“I Want You Back” (2022) – Have you ever been dumped? Everyone has at one point. Wait, everyone? Okay, Gisele Bundchen probably has avoided that particular emotional turmoil, but for mere mortals, it’s an unfortunate “wrong” of passage for anyone putting themselves “out there” in the dating world.
Director Jason Orley’s rom-com “I Want You Back” squarely focuses on two specific dumpees, Emma (Jenny Slate) and Peter (Charlie Day). About seven minutes into his film, Orley features a montage of our heroes with Jimmy Durante’s “The Glory of Love” playing in the background.
“You’ve got to win a little, lose a little. And always have the blues a little. That’s the story of, that’s the glory of love.”
Durante’s timeless tune certainly applies to Emma and Peter, but only the “lose” and “blues” parts. These two 30-somethings are heartbroken that their significant others, Noah (Scott Eastwood) and Anne (Gina Rodriguez), have called it quits.
Emma and Peter may live in Atlanta, but it feels like Splitsville City. They don’t know one another but will soon meet by chance because they work in the same building and commiserate over their losses. (Isn’t it always by chance in these movies?)
After a few conversations of misery loves company, both leads opt for deep self-reflection and growth. Emma purchases Rosetta Stone to learn French, and Peter becomes an animal shelter volunteer.
C’mon. Emma and Peter both want their significant others back! So, they work together to break up Noah’s and Anne’s brand-new relationships, so their old flames will sprint back to their broken-hearted selves. Pretty darn devious, but will their Anti-Cupid scheme work?
Oh, this isn’t a chance meeting. This is fate! (Isn’t it always through fate in these movies?)
“I Want You Back” looks and feels like every other rom-com out there. Everyone resides in comfortable, spacious suburbia and works in picturesque downtown high rises. Actually, Emma lives with a 20-something couple attending law school, but their condo has all the residential trimmings…except for soundproof walls.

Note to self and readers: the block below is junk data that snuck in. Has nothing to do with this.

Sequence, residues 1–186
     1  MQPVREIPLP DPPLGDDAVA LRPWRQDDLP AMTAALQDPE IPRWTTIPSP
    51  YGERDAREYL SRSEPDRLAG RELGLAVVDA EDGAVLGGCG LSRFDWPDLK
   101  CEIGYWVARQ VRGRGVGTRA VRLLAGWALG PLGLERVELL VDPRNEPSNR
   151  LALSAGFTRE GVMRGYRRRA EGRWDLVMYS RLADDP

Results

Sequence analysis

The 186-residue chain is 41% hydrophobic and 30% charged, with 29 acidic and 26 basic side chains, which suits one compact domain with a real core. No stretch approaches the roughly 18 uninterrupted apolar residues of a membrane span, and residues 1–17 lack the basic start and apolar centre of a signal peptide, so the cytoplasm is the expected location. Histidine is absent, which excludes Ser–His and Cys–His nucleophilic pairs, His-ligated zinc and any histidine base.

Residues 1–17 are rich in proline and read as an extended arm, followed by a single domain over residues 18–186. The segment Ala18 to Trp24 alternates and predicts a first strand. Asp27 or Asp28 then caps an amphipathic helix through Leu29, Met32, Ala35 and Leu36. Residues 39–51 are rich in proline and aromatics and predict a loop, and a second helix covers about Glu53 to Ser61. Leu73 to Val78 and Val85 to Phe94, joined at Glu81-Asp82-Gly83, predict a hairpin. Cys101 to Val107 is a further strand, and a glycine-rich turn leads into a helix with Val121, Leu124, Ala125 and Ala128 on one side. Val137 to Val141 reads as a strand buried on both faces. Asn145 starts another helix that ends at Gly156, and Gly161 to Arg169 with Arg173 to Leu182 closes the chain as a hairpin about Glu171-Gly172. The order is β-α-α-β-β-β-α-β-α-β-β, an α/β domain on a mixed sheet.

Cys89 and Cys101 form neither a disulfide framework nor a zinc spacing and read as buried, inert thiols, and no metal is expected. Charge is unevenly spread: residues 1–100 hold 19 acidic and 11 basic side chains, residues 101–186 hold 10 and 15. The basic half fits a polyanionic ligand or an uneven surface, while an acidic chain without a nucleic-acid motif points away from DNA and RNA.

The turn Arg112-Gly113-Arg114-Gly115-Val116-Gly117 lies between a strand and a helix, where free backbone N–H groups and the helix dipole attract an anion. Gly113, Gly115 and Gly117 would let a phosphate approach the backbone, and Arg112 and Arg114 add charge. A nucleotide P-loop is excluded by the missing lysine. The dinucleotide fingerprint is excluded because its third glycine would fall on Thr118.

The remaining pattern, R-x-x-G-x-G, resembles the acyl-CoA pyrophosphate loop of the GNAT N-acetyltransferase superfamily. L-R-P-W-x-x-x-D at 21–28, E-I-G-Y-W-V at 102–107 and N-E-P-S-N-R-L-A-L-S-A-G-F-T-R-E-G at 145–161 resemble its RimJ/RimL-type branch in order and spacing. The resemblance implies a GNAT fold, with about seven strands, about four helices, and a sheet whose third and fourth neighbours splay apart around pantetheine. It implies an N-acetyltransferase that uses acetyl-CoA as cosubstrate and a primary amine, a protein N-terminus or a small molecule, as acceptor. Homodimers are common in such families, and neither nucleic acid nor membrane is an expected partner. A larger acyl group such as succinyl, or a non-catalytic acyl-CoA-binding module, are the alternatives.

We don’t see our leads working that often because they spend most of their waking hours calculating their next awkward moves towards ruining their exes’ current romances. After sitting through countless romantic comedies over the last who-knows-how-many years, one might deduce this flick’s eventual ending.
Will your deductions be accurate? Well, let’s not give anything away.
This film feels a bit different because Slate and Day are talented and seasoned comedic actors. No, this material isn’t terribly challenging, but their comical gifts of gab and physicality-foolishness fit nicely with Isaac Aptaker and Elizabeth Berger’s script. Both actors get chances to shine, including Peter’s daredevil attempt in a stranger’s backyard and Emma’s surreal acting opportunity, and these moments will drive genuine angst and applause.
Meanwhile, Eastwood is awfully likable here as Emma’s ex. Quite frankly, Noah handles their breakup with class and maturity, and his subsequent relationship with Ginny (Clark Backo) is lovely. He is no villain, making Emma’s wishes feel childish and shortsighted. Rodriguez plays Anne as more demanding and detached. Still, Anne doesn’t want Peter any longer while he figuratively serenades to a second balcony window, one shut with a few nails hammered into the frame for good measure.
So, our love-sick leads should lean on therapists or friends who should help flank their tipsy self-esteem rather than conspire and yearn for well-traveled but also uninvited roads from the past. Then again, if Emma and Peter took healthy approaches from the get-go, we wouldn’t have a movie.
Will they learn the err of their aching ways?
Looking back, Orley should’ve wrapped up his film – and Emma’s and Peter’s life lessons – at the 90-minute mark rather than stretch their journeys to 110 minutes. Still, Slate’s and Day’s charisma and charm help win the “day” over their characters’ sometimes questionable motives and also the familiar sights and sounds of this bubble-gum genre.
Well, now and then, bubble gum is worth a 110-minute chew, especially for those who have felt that breakup sting.
That’s all of us…except Gisele.
⭐⭐ 1/2 out of ⭐⭐⭐⭐
Directed by: Jason Orley
Written by: Isaac Aptaker and Elizabeth Berger
Starring: Jenny Slate, Charlie Day, Scott Eastwood, and Gina Rodriguez
Runtime: 111 minutes
Image credits: Amazon Studios